When food is the enemy

Recently I saw two new clients who are having serious problems eating food.  People with allergies and intolerances are frequent clients, however both these people have quite extreme issues going on.
One has been on such a restrictive diet for the past year he’s now frightened to try anything new, or for that matter anything old.  He saw his doctor in January who said he had IBS and reflux; he was given antacids and told to watch what he eats.
All year this man has been watching his food, to the point that there isn’t much now left on his plate to watch.  After seeing his doctor back in January, he began searching online, trying out too many different hypo-allergenic diets, gradually eliminating so many foods that he’s now left with a sad and paltry selection; some quite bizarre.  He’s tired all the time, he tells me, and has lost too much weight.  “My joints hurt. I don’t know what to eat coz everything gives me heartburn”.  As he talks his leg jiggles the table between us.

food warning

Another new client the day after was a woman eating a reasonably healthy diet.  After hearing, however, about her regular reactions that are verging on anaphalaxis, I was surprised – in awe! –  at the variety of food she’s actually coping with.
Her allergy consultant has prescribed steroids which she takes when she has these severe reactions, worse and more frequent in recent times:  A tightening in her chest and throat, swollen lips, breathlessness, sometimes a sudden drop in blood pressure.  Scary stuff indeed.  She’s had to swap meds several times as she reacts to those as well (no surprise).
“What can I eat?” she asked.  Such an upbeat smiley woman, I would’ve loved to have given her an instant answer.

So, what to recommend when food becomes the enemy?

It may sound simplistic, or like some grandmother’s proverb but the logical start is, heal the gut.  These words are repeated around the globe every day by most nutritional therapists I’m sure!  And not just when food intolerances or bloating, flatulence, reflux and the like have become issues.  Given that 70% of our immune system is in our gastrointestinal system, we should all be wanting our digestion to be as happy as possible.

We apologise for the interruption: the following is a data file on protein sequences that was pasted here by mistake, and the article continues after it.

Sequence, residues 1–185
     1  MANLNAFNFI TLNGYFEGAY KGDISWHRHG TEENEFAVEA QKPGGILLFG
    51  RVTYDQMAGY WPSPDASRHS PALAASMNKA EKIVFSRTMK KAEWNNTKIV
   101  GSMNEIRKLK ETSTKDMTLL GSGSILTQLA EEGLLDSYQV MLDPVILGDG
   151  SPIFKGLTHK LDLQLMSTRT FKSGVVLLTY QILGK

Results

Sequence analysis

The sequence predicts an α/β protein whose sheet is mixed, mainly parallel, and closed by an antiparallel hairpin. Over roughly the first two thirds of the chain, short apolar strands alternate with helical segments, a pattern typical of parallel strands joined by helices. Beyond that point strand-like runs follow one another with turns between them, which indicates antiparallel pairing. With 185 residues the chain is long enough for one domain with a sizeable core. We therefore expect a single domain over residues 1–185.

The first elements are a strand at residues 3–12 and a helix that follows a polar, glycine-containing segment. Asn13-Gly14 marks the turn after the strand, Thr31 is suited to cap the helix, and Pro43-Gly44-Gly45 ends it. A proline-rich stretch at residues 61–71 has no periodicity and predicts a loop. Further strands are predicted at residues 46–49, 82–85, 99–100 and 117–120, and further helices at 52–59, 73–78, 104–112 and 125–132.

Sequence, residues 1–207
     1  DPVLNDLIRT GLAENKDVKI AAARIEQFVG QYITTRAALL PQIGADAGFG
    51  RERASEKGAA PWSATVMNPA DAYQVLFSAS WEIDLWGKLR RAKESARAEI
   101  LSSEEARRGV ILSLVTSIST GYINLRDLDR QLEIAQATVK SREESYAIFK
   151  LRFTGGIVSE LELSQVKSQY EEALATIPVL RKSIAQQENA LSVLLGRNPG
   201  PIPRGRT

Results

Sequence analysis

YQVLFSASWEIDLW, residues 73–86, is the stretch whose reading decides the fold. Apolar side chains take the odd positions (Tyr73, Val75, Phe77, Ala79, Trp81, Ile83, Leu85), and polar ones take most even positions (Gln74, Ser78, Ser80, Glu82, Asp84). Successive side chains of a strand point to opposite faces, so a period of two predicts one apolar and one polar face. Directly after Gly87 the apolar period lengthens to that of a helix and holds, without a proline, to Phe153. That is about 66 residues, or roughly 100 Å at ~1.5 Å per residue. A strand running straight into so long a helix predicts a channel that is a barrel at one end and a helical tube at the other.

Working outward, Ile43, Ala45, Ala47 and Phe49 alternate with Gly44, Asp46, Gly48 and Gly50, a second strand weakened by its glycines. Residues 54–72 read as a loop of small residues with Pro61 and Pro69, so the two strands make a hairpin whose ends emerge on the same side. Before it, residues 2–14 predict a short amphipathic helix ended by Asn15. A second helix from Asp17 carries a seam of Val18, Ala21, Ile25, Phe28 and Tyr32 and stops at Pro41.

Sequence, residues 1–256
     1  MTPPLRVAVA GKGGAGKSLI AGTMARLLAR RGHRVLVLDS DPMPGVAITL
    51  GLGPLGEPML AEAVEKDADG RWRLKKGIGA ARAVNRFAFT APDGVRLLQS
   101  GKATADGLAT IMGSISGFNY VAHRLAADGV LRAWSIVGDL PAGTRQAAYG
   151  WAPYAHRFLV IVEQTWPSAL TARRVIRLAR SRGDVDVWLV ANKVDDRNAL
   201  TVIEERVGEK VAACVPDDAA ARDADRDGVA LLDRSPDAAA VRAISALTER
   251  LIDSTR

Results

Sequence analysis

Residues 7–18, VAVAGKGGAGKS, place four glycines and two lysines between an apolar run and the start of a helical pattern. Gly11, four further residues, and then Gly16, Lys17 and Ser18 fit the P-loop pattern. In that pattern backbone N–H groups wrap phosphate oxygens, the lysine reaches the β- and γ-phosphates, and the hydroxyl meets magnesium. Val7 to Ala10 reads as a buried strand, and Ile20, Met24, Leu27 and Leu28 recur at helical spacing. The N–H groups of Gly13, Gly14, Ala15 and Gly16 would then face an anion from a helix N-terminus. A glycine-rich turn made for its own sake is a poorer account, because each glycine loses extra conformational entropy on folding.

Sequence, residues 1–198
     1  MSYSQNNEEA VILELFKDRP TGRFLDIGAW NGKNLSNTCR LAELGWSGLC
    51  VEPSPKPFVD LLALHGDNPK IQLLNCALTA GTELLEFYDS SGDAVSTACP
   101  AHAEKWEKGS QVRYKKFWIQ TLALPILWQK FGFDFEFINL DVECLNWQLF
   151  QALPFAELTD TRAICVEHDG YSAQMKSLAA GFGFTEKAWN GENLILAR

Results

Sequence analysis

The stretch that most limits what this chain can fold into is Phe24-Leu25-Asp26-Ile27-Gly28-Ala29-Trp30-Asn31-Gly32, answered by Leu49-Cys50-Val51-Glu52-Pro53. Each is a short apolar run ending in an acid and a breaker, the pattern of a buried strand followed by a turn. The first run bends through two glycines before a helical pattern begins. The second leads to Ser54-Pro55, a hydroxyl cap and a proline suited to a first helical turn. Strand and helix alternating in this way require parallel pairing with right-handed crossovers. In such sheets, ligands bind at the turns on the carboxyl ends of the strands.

Healing the gut might mean different things for different people.  Removing certain gut microbes that shouldn’t be there, or are running rampant; increasing beneficial gut bacteria, strengthening the gut wall junctions, improving bile flow, increasing low levels of digestive enzymes or gastric acid a.o.  Some or all of the above; depends on the individual.
At the same time, too, expanding that digestive picture to include other important players linked to the health of our GI tract –  like the endocrine and nervous systems.

Food naturally will come into it, has to be part of the equation.  Not just because we have to eat to survive, or because that’s why people seek out a nutritional therapist, to find out which foods they should eat.
More due to that well-worn saying, we are what we eat – so true (just a shame it’s lost its impact with over-use). 

Food is a big part of healing the GI tract, of reducing chronic inflammation, of sustaining energy and improving well being.  Some foods have the potential to scupper digestive, or overall health – just think how sugar can spike everything into chaos in the body when it takes over every meal and isn’t treated with caution, kept to just an occasional treat.
Other foods have the nutrients, the astonishing ability to improve our immune health.  Those superpower foods, the likes of turmeric, green tea, fish oils, rainbow plant-based and fermented foods.  Or simply eating a balanced diet with healthy fats and quality protein (not to mention the humble green leafy veg, my fave… I’ll stop there, lol!)

After this posed question – what can I eat? – a dialogue begins. Discussing family history and other current health issues;  peeling back the layers and connecting as many dots as possible.  Trying not to overwhelm with too much information – that can be hard.  Working through food diaries and the results of lab tests. Seeing some of the puzzle pieces come together.
More often than not, the first step will focus on that healing of the gut as well as making careful changes to diet and invariably to lifestyle as well.  Suggesting people change habits they may rely on because they are part of their history, or convenient, needs to be considered.  The process has to be manageable and not too unfamiliar or threatening.

Removing, replacing, healing and restoring.  Adapting to the individual, to that person’s specific needs.  It’s a process, one step at a time.  A sharing of knowledge where it’s important to respect the difficulties in play.  Showing how food can be such a powerful medicine – as well as something delicious to eat!  And always with the aim of helping clients make food their friend and not the enemy. 

Appleaday’s Xmas gift this year, a 10% discount on first consultations – skype or 1:1 – during the month of Feburary 2020.  Email or message me on social media for available dates & times.

(Please note: the two clients above gave me permission to use some of their information.  I’ve kept it as general and vague as possible for privacy reasons).


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